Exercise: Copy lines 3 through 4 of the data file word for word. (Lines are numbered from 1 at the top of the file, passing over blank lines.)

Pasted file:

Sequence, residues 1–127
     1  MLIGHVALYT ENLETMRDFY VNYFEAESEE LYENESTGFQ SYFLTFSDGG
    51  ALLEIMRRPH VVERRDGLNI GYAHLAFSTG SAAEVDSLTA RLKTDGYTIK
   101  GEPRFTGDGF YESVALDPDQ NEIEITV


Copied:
    51  ALLEIMRRPH VVERRDGLNI GYAHLAFSTG SAAEVDSLTA RLKTDGYTIK
   101  GEPRFTGDGF YESVALDPDQ NEIEITV